Cristiano Volk Presents a Dystopian Vision of Our Future

Travelling the world looking for uncanny details of our contemporary reality, the Italian photographer translates in pictures "the continuous changes of our present".

“Imagine the collective alienation of billions of conjoined subjects whose sole purpose is to act as vehicles for the exchange of commodities. This is the world described in Cristiano Volk’s Laissez-Faire. It may sound like a dystopian future, but it is our present.” Here is how writer Eugenie Shinkle introduces Volk’s book, published by Fw:Books.

And indeed, his depictions of neon lights, circumvoluted road networks, sheep-like crowds and eerie decorations rather look like fiction. At least would one prefer if they actually were? “I wanted to translate the continuous changes of our present, the actual reality that changes this world”, Volk explains.

For that, he focused on eight main themes – transgression, teenagers, dreams and desire, fiction, transparency of power, control, dependence on technology and consumerism. All of them blend together in an aesthetically cold approach, served by the use of a tripod securing very clean, almost surgical, images. The result is staggering, taking inspiration from 1980’s movies such as Ridley Scott’s Blade Runner and David Lynch’s Blue Velvet, for the twist of uncanny, and in Mark Fisher’s book “The Weird and The Eerie”.

Worklife in Volk’s images turns hassle – office workers shot inside their glass bubbles submerged with files of flashy colours. All the lights are artificials, and at times confusing – a pole holding together a dozen streetlights appears with all lights lit, making it a useless Christmas in the middle of what we can only imagine being overwhelmingly dense traffic. Contributing to the discomfort, some anachronistic images praise money or weapons – an ornamental dollar sign looking a few decades old, or a full-neon Christ holding a revolver in each hand.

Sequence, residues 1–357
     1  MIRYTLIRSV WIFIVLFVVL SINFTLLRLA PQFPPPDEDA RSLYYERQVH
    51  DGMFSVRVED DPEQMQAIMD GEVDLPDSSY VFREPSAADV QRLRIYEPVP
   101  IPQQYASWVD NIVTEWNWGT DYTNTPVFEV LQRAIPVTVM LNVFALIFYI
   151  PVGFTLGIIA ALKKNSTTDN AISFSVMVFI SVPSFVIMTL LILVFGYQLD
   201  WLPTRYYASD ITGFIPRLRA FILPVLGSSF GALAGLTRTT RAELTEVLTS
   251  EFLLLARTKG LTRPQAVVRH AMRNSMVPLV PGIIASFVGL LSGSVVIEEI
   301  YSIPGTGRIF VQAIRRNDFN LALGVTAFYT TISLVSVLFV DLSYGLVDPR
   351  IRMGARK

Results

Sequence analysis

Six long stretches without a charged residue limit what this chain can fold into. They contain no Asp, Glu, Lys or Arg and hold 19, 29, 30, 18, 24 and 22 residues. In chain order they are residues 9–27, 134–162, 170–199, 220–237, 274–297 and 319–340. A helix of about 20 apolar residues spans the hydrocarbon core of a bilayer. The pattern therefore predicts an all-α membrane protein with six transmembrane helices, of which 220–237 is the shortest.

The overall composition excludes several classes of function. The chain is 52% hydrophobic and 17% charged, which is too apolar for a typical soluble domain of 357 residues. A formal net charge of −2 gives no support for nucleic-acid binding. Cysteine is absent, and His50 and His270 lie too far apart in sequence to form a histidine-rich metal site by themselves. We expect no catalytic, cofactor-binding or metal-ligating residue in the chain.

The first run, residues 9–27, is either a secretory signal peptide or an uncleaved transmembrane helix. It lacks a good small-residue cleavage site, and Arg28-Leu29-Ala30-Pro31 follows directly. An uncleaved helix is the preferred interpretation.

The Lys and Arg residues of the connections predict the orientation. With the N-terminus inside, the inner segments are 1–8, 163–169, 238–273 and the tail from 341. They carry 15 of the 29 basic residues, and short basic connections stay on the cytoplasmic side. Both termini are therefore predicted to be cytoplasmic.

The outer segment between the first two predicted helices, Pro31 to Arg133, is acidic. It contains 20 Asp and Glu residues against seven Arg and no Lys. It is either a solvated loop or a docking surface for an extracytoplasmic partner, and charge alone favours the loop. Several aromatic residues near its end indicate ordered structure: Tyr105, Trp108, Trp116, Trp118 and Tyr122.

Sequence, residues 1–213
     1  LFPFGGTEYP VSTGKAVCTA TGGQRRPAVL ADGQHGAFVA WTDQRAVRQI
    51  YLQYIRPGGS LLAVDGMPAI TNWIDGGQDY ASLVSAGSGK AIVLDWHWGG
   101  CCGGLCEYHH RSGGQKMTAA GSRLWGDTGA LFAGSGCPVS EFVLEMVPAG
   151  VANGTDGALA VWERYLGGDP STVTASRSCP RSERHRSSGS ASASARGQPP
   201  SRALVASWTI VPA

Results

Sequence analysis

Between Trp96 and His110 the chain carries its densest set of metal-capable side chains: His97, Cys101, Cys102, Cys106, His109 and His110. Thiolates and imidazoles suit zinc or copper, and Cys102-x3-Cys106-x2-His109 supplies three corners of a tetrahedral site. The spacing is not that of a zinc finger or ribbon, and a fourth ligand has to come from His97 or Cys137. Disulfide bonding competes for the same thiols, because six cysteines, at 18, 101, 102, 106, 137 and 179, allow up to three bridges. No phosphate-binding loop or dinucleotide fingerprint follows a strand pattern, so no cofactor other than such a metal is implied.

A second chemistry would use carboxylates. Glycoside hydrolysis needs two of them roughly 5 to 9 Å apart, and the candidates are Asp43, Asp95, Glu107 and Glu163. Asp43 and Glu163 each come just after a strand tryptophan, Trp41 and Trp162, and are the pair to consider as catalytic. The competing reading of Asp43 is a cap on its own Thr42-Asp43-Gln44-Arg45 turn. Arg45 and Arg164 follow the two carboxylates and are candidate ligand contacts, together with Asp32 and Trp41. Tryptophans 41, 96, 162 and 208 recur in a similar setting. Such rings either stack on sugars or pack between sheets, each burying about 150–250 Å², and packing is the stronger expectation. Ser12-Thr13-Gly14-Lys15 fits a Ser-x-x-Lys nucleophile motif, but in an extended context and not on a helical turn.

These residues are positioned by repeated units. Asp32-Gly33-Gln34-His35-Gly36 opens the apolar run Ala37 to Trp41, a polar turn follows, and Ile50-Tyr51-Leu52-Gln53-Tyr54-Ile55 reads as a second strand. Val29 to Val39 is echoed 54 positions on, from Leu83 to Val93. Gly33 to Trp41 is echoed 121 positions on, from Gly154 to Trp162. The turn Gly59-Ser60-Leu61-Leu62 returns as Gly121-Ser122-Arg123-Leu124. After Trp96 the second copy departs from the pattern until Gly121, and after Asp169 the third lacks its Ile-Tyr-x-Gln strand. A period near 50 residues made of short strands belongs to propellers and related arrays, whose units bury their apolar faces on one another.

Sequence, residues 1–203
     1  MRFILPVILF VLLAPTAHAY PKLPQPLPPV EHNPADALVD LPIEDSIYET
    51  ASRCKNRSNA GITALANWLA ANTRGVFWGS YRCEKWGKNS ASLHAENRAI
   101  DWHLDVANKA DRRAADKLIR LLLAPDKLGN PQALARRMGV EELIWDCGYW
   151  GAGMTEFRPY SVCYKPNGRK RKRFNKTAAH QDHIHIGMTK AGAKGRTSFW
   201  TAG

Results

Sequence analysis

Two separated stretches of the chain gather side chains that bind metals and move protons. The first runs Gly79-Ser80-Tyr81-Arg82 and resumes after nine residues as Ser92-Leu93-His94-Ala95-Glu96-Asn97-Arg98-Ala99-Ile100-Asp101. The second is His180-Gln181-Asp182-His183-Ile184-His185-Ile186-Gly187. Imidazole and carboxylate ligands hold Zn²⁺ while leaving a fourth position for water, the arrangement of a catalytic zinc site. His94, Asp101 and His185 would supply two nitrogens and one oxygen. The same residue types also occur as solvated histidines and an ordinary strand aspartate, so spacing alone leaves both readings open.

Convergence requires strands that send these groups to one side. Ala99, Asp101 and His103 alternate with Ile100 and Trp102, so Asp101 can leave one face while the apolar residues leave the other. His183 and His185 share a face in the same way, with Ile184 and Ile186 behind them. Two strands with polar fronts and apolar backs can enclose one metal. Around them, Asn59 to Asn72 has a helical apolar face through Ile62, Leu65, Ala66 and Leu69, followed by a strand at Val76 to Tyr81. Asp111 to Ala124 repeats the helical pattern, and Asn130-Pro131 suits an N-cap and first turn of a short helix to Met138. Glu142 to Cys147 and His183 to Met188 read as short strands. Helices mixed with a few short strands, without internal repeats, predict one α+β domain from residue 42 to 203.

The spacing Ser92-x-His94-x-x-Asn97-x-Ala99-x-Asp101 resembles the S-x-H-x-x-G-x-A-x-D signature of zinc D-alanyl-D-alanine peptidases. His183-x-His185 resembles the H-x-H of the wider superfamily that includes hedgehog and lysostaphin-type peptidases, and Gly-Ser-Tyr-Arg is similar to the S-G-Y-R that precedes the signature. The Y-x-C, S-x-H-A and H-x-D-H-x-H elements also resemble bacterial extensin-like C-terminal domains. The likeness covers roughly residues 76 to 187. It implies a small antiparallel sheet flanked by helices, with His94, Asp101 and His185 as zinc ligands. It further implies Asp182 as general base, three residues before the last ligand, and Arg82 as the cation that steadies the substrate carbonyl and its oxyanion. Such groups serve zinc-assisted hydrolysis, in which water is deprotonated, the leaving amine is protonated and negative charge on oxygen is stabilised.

The title of Volk’s series thus appears quite ironical. “Laissez-faire” is a theory by economist, Adam Smith, that advocates government non-intervention. In other words, it claims that each individual pursuing his own interest acts unwittingly for the benefit of all as if an "invisible hand" guided his behaviour in such a way as to increase the general interest. Yet looking at his images, of a planet more or less turned disco ball, one wonders whether an intervention is not urgently needed.

His images are so colourful it’s dizzying. Just like his vision of the future - “it’s a really scary prospect”, he says.


All photos © Cristiano Volk from Laissez-Faire


Cristiano Volk is an Italian photographer who lives and works in Venice. His work Laissez-Faire (2021) won the Prix Levallois and was selected among the winners of the call New Visions of Cortona on The Move, of the Helsinki Photo Festival, of the Images Gibellina, as well as a finalist of the Discovery Awards.

Laurence Cornet is a writer and curator based in Paris focusing on cultural and environmental issues. She is also the editorial director of Dysturb and the international photo editor at Le Monde.


This article is part of our feature series Photo Kernel, which aims to give space to the best contemporary practitioners in our community. The word Kernel means the core, centre, or essence of an object, but it also refers to image processing.

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